Even if the gravity modification is applied per frame, Mario reaches his maximum drop speed so fast it mostly doesn't matter once you've released the button.

Other jump physics aren't worse, they are different, but if you want it to feel like a Mario game then implementing something else isn't going to do it.
Re: Rebuilding Super Mario Bros. piece by piece
by on (#147279)
The problem with Mario physics is that putting aside the fact that they vary between games, they also do some... weird things. E.g. doesn't the running speed in Super Mario World alternate between three different values at its peak? (rather than the two you'd expect from subpixel physics) If I recall correctly which frame you jump on in a TAS matters precisely for this reason.

I think most people will just want good physics anyway, not necessarily those from a very specific game.
Re: Rebuilding Super Mario Bros. piece by piece
by on (#147286)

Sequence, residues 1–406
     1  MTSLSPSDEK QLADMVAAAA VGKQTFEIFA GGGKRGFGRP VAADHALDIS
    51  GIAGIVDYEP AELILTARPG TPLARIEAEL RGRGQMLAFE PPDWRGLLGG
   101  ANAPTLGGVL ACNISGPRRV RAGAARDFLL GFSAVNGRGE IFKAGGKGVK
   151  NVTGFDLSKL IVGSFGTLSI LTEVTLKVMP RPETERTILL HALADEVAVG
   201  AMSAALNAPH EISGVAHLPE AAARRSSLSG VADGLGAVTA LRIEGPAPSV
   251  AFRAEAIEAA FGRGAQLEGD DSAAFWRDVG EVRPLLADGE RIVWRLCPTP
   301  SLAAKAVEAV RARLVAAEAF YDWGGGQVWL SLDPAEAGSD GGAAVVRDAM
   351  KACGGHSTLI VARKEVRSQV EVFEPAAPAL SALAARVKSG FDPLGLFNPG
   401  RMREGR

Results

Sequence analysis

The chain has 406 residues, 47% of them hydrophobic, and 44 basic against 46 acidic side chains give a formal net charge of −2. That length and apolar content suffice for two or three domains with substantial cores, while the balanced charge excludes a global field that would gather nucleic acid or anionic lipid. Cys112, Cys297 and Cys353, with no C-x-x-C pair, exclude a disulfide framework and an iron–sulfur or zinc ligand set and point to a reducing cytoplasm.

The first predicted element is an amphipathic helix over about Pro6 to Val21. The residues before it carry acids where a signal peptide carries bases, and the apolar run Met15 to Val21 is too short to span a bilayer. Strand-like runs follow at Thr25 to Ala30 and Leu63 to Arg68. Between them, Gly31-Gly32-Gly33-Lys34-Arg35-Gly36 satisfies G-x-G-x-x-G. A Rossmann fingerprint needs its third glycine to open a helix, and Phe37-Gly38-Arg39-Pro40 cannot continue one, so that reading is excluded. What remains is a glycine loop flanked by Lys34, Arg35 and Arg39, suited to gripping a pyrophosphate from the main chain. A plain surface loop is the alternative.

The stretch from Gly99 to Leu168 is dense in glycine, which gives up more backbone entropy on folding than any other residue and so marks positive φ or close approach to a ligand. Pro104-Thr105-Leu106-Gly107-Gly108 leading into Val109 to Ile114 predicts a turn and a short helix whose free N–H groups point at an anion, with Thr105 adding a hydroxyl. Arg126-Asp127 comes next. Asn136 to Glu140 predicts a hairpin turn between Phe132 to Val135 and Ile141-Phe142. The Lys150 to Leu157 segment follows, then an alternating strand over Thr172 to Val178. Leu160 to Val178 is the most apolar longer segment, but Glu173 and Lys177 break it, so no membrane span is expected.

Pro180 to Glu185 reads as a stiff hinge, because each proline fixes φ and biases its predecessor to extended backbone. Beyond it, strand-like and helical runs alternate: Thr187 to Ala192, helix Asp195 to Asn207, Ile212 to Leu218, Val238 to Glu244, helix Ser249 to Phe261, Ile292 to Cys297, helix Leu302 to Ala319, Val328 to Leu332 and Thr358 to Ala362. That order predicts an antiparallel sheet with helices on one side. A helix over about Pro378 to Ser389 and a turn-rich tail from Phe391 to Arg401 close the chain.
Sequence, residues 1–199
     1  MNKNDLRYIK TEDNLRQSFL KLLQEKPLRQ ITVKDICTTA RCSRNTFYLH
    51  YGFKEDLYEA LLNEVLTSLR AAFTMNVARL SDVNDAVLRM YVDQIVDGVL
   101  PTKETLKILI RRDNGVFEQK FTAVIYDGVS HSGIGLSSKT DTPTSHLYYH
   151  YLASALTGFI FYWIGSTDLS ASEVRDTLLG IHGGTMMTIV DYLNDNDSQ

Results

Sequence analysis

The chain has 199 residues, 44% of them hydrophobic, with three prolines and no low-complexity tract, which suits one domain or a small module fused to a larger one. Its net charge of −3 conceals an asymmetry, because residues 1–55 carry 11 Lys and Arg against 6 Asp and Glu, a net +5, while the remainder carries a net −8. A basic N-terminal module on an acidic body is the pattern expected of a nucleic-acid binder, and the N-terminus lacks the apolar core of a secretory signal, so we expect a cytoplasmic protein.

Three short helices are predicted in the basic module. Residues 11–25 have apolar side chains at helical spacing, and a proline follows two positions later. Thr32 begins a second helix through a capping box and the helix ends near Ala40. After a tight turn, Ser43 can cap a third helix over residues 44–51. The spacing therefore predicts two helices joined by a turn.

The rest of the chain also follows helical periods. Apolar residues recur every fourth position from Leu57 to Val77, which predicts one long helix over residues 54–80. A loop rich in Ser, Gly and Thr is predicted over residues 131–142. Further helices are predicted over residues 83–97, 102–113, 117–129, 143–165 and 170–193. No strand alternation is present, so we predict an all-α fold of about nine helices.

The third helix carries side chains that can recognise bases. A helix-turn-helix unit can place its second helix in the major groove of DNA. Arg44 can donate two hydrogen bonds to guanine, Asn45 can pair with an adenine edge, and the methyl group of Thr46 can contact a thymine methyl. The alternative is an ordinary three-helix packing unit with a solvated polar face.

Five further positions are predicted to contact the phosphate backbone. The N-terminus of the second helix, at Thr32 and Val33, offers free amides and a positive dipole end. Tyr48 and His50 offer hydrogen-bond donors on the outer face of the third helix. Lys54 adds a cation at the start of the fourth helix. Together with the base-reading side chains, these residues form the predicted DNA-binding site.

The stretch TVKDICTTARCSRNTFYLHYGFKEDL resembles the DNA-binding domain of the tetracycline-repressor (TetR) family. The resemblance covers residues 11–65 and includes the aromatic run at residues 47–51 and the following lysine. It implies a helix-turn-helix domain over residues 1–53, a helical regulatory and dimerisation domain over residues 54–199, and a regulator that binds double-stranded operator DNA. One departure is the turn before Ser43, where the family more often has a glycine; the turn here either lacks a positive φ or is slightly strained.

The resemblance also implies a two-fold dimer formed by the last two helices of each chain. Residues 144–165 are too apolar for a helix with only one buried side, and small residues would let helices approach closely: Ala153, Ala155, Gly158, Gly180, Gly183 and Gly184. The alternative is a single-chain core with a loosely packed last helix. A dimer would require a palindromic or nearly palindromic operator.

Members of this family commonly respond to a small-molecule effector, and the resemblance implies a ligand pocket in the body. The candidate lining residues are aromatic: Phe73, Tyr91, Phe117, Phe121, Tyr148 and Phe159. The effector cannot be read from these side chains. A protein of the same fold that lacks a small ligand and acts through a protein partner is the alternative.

Creating a game by modifying every piece of another game is one way to learn. Part of what makes creating a game hard for a newcomer is understanding all of the pieces that are necessary to make a game. If you start with something that's already complete and working, it can make up for gaps in your knowledge.
Re: Rebuilding Super Mario Bros. piece by piece
by on (#147287)
Quote:
Rewrite SMB1 a subroutine at a time, replacing each subroutine with equivalent original code. This is how LAME was bootstrapped from the ISO MP3 encoder over the course of two years (mid-1998 to May 2000). It also gives a chance to optimize the engine's RAM use.

I don't know how cloning every subroutine ones after eachother would not make a copyright infigement. After all you're still copying the game engine and not just only it's functionality. You're copying the very software architecture they used. Especially if they optimised for ROM saving which means functions were very short (so they could be re-used more).
Re: Rebuilding Super Mario Bros. piece by piece
by on (#147288)
Bregalad wrote: